The watchersSo many times, we are so busy taking a picture of someone or something, that we fail to notice the little things happening just beyond the center of our attention. Most often, they are not really important things, and they will continue to be fairly unnoticed later on too. Things like a bird or dog or even a car on a nearby road, are just coincidences that don’t really matter in the grand scheme of things. We just overlook them as we look at the main subjects of the picture.

Nevertheless, there are things, that when they are placed in a picture, can change the picture in a bigger way, and in reality, add to its depth….give it character and add a touch of humor to it for all to see. It’s not something that usually invades the picture, but rather someone who invades it, and often that someone is a child. Yes, you get the occasional inattentive person who is off in their own little world, and so they walk right into your shot, but that is not what I’m talking about here. Those shots are simply annoying, because they ruined the shot by their careless act of indifference.

No, I’m talking about the watchers. Usually little kids who are so excited about the picture being taken or the people who are in the picture that they stand at the window or in the doorway to watch the proceedings, and since the photographer wasn’t looking at the window, even though it was right behind the subjects they are photographing, they get the little watcher in the picture too. I love those kinds of pictures, because it is just so typical of little Uncle Bill on old tractorkids to want to see what is going on, and they have no idea that they have inadvertently stepped into the shot. It’s just all about the fact that they are curious about what is going on.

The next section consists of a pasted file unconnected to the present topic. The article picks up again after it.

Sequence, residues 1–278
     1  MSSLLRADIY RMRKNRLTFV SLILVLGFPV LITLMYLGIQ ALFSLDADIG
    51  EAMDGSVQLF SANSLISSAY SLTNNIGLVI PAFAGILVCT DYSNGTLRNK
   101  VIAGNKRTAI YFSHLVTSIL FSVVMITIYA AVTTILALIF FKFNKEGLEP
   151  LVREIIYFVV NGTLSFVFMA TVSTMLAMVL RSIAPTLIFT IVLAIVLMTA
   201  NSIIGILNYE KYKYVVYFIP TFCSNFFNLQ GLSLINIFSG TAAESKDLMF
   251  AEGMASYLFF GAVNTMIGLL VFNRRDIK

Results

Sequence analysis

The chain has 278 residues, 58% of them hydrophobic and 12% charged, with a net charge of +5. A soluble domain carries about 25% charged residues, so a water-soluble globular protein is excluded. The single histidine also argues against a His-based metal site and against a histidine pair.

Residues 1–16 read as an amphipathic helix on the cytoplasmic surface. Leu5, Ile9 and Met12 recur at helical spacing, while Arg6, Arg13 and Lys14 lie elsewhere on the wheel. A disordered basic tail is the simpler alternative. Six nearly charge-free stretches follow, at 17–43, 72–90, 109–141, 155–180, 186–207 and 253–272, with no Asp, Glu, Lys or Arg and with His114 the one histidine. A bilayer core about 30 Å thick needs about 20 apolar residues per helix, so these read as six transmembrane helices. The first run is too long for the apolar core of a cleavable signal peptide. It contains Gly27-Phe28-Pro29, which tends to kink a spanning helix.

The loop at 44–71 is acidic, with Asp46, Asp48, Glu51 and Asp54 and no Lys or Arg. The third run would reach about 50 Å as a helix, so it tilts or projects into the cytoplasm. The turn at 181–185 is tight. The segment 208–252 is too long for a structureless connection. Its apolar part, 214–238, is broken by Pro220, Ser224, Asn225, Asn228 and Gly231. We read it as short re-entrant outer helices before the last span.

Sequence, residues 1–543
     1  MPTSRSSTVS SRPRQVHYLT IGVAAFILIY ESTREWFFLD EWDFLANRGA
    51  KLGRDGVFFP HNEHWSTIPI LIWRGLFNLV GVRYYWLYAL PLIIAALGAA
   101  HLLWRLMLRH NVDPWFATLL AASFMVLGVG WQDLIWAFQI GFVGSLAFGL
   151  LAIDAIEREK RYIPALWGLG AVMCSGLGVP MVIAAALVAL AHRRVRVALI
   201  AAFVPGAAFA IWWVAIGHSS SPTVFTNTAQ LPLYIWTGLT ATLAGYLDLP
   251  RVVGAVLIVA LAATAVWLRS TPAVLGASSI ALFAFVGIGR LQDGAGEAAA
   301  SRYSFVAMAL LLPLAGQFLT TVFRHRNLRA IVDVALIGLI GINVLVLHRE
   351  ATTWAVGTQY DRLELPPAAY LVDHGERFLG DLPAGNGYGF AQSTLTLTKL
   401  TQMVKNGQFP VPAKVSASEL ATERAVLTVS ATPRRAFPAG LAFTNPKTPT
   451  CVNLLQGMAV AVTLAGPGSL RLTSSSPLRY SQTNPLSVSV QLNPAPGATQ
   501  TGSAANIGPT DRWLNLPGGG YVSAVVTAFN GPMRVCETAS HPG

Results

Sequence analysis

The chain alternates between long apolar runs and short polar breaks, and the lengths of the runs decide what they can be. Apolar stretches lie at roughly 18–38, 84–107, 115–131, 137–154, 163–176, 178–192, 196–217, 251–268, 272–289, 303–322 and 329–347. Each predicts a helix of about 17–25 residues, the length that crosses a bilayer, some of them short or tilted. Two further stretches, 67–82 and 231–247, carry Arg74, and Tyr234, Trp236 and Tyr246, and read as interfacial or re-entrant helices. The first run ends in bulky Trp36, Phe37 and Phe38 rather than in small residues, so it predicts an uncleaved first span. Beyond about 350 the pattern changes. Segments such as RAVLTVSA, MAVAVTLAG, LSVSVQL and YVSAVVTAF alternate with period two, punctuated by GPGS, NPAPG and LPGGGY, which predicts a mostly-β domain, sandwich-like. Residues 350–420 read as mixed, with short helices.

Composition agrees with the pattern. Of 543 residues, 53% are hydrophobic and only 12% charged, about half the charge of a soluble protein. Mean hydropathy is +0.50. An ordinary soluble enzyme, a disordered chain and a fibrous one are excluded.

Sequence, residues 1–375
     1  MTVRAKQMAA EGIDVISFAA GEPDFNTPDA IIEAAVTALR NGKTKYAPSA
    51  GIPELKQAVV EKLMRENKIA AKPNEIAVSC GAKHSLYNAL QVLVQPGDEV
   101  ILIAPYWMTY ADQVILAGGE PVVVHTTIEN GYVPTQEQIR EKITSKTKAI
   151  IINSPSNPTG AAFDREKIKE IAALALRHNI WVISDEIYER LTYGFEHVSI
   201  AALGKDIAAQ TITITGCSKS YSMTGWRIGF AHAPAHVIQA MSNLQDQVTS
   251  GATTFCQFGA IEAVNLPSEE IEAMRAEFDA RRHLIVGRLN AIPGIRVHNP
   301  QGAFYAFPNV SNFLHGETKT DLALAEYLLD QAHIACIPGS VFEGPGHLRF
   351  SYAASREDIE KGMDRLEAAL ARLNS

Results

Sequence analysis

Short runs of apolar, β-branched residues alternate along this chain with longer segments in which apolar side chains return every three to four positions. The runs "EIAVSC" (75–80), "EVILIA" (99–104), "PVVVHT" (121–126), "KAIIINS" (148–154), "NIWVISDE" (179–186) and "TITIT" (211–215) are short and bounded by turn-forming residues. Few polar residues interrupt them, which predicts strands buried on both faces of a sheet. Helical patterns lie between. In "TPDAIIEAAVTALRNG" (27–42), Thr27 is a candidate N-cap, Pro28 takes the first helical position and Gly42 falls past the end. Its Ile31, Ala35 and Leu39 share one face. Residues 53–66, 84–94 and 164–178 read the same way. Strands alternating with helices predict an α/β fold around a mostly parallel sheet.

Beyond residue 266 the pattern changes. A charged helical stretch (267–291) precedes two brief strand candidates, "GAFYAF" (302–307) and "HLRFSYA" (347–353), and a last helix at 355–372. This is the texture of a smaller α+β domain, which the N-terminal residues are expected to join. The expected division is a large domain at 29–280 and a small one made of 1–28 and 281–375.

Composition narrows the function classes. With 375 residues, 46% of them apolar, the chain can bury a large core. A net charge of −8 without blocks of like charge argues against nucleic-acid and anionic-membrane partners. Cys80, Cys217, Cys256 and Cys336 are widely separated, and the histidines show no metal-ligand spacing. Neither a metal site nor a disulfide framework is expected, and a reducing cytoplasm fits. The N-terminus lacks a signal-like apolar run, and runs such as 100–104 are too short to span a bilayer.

I don’t think these watchers ever ruin the shot, like the inattentive passerby does. The watcher is more like the bird or the dog who gets into the shot when it was not in the plan for them to be there. They just like to see what is going on, and so, there they are at the moment you snap the picture. They don’t ruin the picture, but rather add that little bit of humor, character, and even depth to the shot, and speak to the very nature of kids. “If you aren’t a part of it, just be near enough to catch what is going on.” And, “Oops!! I didn’t mean to be in the picture!!”

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